Fasting is the easy part

Kol Nidre, Leo Bar, Pix in Motion

As Yom Kippur is drawing near, I am grateful for a quiet day of reflection and preparations. Since the kids were born,  I have not had that great luxury. Now that I am self-employed, I don’t have more free time (starting a business is a lot of work), but I have a lot more flexibility in how I manage that time. So today, the to-do list is looming large, but I am making a point of ignoring it to read, reflect on Torah, and most importantly, to take stock of the side of myself I am not exactly proud of.

Is there such thing as an easy and meaningful fast?

Call me masochistic, I believe Yom Kippur should be hard. Abstaining from food and drink, spending long hours in schul, on an empty tomach, trying to squeeze an Amidah in while keeping an eye on the kids, getting home and feeding them, playing with them and trying to stay patient as you grow weaker and hungrier is challenging. And yet, as difficult as it is to fast for 25 hours, that’s the easy part.

The hard part is to truly admit the ugly things I’ve allowed myself to do, to let that embarrassment and disappointment come to the surface and face them. As I try to sit and take a deep breath to draft the list of people whom I have hurt, offended, or wronged, everything inside of me is fighting against it: “It’s OK, you’re only human, don’t worry about it, everybody else falters too. Let’s go read a book! Study Torah even, that’s a worthy thing to do, right? C’mon, just send an e-mail or something, and move on to something a little more enjoyable, life is short!” But I want to sit with these feelings, picture the faces of people I have treated unfairly. I want to try to feel what they must feel when I am selfish, forgetful, impatient…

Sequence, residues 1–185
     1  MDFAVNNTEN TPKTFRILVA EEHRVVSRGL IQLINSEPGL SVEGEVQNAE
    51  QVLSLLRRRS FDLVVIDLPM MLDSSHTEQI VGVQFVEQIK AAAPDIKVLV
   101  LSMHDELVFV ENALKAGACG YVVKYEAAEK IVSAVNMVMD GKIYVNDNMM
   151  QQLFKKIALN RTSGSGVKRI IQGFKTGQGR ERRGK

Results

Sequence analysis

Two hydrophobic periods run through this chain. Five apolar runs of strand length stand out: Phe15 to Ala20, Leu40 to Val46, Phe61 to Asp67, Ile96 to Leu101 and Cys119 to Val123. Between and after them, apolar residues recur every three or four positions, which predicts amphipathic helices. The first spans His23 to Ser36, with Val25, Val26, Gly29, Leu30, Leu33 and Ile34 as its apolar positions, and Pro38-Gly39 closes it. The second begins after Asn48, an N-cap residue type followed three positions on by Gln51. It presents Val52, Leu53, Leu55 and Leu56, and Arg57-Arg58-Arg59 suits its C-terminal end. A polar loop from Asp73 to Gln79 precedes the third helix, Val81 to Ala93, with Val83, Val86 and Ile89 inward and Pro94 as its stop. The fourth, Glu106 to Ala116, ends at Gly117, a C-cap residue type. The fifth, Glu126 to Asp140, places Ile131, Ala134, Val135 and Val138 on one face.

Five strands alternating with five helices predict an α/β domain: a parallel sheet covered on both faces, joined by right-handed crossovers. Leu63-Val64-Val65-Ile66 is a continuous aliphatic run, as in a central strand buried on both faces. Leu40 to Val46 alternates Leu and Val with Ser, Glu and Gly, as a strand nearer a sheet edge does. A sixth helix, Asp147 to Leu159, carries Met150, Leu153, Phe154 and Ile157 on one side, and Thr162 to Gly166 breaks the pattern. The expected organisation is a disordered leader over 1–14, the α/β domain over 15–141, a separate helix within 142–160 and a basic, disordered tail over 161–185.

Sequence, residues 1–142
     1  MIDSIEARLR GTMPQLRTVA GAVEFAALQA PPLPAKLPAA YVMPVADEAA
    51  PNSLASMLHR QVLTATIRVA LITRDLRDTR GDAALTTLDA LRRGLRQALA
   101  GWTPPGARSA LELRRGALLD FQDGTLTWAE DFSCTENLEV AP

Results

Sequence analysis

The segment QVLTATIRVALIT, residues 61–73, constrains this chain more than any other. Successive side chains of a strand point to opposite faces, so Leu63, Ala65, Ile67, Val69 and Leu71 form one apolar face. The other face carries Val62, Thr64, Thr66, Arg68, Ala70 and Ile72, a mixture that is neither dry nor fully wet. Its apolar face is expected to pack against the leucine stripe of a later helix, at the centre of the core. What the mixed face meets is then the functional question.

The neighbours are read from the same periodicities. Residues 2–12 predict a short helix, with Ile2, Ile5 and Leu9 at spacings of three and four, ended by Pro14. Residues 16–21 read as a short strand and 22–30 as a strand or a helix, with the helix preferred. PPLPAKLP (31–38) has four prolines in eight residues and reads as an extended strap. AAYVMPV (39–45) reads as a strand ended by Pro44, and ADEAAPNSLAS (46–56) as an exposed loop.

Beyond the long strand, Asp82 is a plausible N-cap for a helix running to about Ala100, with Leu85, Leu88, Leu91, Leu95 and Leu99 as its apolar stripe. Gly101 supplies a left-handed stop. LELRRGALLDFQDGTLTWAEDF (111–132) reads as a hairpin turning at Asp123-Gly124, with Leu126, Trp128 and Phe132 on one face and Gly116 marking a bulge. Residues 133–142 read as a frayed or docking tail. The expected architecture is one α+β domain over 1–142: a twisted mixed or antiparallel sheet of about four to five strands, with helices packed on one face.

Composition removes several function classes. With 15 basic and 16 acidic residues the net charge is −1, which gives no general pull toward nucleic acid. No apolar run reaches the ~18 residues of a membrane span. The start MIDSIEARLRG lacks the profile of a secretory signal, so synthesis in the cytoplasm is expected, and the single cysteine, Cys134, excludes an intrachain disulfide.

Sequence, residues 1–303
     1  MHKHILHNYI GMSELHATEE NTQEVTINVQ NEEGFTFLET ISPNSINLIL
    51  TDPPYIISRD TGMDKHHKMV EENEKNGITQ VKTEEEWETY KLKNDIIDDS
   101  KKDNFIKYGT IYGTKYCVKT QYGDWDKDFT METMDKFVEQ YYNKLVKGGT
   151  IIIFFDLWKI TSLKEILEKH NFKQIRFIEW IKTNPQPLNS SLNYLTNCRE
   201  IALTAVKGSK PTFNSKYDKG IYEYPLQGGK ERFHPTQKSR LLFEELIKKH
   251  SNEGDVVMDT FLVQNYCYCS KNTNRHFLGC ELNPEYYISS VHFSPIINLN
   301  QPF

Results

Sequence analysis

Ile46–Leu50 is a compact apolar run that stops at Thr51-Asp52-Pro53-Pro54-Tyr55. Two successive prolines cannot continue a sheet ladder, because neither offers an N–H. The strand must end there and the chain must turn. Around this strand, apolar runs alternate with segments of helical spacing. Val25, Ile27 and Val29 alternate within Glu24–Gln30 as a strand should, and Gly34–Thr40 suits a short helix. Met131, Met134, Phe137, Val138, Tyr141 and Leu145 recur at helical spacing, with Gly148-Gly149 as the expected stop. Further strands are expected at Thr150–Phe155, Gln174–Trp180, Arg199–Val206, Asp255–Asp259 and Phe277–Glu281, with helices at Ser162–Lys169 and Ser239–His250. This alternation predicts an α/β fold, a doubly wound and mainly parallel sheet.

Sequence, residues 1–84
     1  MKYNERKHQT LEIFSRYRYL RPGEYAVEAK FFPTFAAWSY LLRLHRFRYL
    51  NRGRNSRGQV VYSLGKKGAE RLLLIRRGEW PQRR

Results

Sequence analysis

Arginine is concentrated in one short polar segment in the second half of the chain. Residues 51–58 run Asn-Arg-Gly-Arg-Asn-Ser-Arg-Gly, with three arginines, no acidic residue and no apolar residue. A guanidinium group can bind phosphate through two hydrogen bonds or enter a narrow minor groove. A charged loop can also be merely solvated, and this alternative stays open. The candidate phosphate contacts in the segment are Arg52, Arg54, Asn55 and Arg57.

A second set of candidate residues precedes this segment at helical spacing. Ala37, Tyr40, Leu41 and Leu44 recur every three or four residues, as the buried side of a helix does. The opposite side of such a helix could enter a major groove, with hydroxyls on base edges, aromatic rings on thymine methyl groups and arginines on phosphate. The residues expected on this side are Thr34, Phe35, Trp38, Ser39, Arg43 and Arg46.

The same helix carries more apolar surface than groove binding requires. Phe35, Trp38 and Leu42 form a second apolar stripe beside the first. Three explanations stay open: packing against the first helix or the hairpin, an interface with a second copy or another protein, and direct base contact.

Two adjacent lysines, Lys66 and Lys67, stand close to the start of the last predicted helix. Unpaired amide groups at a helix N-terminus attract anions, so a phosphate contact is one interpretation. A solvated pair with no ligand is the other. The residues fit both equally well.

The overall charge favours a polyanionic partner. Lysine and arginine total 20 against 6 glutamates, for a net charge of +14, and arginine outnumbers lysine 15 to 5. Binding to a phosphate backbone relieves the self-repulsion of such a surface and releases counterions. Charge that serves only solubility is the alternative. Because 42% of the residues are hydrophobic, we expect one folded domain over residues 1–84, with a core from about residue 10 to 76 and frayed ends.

I know that a blanket, Cc-all apology, can never be a real apology, that it can yield no true forgiveness or healing.

I know I must dig deeper. Go where it hurts. Otherwise, I am merely checking boxes on a “how to be a model Jew” to-do list, giving the appearance of doing the work without actually doing the work.

“To not bear a grudge”

This painful exercise has yielded some expected lessons, and some more surprising ones:

– I sincerely want to apologize to my husband and children for letting stress that has nothing to do with them affect how I talked to them and treated them. That is unfair, harmful behaviour, and it needs to change.

– I sincerely want to apologize to my wonderful teacher, Reb Arie, for not staying in touch after the wedding. It has been years, and the embarrassment only grows with time. This one is ripe for action.

– I sincerely want to apologize to my family for never making the time to stay in touch. They know how much I love them, and care about them, but still I should not take them for granted.

– I have so many people to apologize to for not following up on something I said I would do, I must not be nearly as reliable a person as I thought I was. That also needs to change.

But, I also learned that

– There are a few people I do not feel ready to seek forgiveness from, because I do still hold resentment against them, and feel justified. These people are usually ones with whom the aggravating situation is ongoing, and I am not finding in my heart the desire to rise above, knowing full well that I will have to either forgive and find higher grounds on which to base our relationship, or accept the limitations of that relationship and find ways to work around them, some day.

– My heart is so, so full of anger, disappointment and sadness. I have a lot of grieving to do, a lot more than I thought.

We’ll see where these are at by this time next year. In the meantime, I hope the Great Book of Life has a “work-in-progress” section.

Have a beautiful, meaningful fast.

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